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The Taming of the Shrew (RSC)

Rating: 3 out of 5 stars
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Perhaps this should have been called Carry on Taming because this was a Shrew that played up to the full the low-comedy elements of the text as well as accepting the casual misogyny.

It's a play that's generally been re-invented for modern audiences, uncomfortable with themes of male dominance and the concomitant female submission; director Conall Morrison has no such qualms; pitching headfirst into a world where men are men, women are commodities, all accents are funny and where there must be a double-entendre every few minutes.

The play begins in a modern setting, where the drunken Christopher Sly is thrown out of a lap-dancing club prior to his humiliation by the aristocrats. The players arrive and Sly finds himself as part of the costume drama. It’s a neat use of the framing device and quickly draws our attention to the connections between the modern world and the historical one. But at the same time, it’s uncomfortable for the audience: the central relationship between Petruchio and Katherina will cause many audience members to flinch.

Stephen Boxer's Petruchio is a charmless, violent bully from the moment we first see him battering his servant's face on a door,. This is not a Petruchio who finds himself slipping into the persona of a torturer; this is a domestic bully, relishing the humiliations that he heaps upon Katherina. As the text makes clear, every privatation that she suffers, he suffers too, in the mutual journey that they take together, but Boxer’s Petruchio finds no spiritual sustenance – this is cruelty for cruelty’s sake.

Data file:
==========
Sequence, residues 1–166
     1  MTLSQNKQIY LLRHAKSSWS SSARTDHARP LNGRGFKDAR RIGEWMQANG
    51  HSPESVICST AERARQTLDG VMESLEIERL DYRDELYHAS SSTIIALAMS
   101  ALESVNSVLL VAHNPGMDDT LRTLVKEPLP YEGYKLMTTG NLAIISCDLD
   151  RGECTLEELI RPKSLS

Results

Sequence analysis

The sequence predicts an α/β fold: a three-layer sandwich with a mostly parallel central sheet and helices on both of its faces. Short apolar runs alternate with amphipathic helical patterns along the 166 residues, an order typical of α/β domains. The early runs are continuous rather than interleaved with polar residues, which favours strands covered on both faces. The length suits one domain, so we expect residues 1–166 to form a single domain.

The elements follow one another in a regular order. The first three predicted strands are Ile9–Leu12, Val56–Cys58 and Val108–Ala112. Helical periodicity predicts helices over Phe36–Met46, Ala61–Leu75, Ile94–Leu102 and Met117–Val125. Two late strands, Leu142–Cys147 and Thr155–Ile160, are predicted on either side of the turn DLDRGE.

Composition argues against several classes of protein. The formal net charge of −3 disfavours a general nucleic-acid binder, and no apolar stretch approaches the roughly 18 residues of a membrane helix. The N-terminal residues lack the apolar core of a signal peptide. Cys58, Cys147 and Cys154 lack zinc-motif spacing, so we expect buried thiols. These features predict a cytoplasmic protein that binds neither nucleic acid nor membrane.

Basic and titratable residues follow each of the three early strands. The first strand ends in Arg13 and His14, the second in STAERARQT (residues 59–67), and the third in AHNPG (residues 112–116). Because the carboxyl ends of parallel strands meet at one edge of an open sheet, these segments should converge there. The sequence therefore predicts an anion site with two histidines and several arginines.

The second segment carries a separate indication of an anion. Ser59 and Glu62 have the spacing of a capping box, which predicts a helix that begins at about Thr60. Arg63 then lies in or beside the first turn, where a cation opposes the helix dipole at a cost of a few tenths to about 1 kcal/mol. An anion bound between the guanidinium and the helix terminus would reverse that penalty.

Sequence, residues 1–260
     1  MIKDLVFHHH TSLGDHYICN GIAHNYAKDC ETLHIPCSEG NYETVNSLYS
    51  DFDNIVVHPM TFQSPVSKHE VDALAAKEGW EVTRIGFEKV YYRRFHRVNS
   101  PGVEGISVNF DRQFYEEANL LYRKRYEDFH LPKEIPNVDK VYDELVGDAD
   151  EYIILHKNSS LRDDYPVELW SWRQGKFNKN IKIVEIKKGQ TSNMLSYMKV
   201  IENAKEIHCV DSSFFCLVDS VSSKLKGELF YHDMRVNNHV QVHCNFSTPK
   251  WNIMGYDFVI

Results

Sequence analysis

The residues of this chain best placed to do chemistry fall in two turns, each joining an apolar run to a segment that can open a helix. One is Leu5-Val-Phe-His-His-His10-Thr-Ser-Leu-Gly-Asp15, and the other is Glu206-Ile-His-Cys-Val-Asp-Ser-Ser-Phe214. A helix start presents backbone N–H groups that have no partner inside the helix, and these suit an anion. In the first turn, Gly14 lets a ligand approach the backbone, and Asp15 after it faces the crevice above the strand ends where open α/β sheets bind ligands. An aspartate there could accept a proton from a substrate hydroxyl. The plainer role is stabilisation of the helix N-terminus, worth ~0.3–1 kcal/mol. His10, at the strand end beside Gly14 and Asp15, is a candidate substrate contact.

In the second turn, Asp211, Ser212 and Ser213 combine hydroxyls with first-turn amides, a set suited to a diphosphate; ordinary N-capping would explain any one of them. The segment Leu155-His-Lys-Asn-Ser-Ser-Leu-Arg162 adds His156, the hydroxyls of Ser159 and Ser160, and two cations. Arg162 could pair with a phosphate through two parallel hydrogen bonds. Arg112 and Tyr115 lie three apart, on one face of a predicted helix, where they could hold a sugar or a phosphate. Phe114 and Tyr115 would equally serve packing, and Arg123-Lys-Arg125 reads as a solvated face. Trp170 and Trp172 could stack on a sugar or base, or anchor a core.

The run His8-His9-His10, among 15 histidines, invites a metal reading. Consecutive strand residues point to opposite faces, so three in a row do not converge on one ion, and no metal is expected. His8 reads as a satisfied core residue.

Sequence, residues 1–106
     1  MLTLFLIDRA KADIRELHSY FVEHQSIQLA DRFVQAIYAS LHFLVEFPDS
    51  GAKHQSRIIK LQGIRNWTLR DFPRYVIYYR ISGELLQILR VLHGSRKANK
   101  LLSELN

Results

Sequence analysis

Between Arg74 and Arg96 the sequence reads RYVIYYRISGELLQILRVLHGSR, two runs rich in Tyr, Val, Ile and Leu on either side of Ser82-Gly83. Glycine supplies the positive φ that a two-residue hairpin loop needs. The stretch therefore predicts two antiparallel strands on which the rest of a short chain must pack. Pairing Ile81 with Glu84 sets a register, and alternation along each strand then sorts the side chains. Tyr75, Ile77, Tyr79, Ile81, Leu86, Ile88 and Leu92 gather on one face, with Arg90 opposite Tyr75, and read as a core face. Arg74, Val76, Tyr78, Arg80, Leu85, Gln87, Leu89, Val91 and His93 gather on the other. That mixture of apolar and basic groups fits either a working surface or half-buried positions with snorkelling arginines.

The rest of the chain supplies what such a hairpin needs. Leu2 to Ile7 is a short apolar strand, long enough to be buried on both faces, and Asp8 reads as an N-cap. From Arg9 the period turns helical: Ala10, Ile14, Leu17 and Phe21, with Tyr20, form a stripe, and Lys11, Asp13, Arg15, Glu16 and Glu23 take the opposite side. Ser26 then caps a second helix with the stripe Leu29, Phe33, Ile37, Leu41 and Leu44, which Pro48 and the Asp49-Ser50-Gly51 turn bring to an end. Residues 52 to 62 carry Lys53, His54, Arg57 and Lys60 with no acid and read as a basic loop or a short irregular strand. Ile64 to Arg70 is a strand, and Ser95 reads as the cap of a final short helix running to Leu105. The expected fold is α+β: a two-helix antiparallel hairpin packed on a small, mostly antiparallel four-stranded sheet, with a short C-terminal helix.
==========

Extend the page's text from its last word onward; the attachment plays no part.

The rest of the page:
As for Michelle Gomez’s Katherina; there is little sight of the bold, witty and proud woman that we first encounter. Her descent into adject subjugation is painful to watch. This is a woman bereft of dignity, even offering her body to Petruchio’s servant for food. Her final speech about a woman’s duty is delivered in such a downcast tone that we recognise a human being whose spirit has been completely broken – it’s a painful moment.

One can see what Morrison is driving at. He tries to show how the put-upon Sly can imagines himself as a strutting macho character, the bullying becoming the bully, but it’s simplistic psychology, missing much of the richness of the text.

Amidst the cruelty, there are some good jokes - there's a particularly funny visual gag on the words “from Pisa”- and the actors draw every ounce of comedy from the text; sometimes too excess, I’m not sure every gag has to be laboured so hard and whether the frantic gurning is entirely necessary.

But even it were the funniest comedy in the world, it couldn’t hide pain the uncomfortable nature of the Petruchio and Katherina relationship. Morrison has probably given us a play closer to Shakespeare’s intentions and closer to one that the Tudor audience would have watched – but that’s not to say that the authenticity should be welcomed.

-Maxwell Cooter

NOTE: The following THREE-STAR review dates from 2 May 2008 when the production was in Stratford.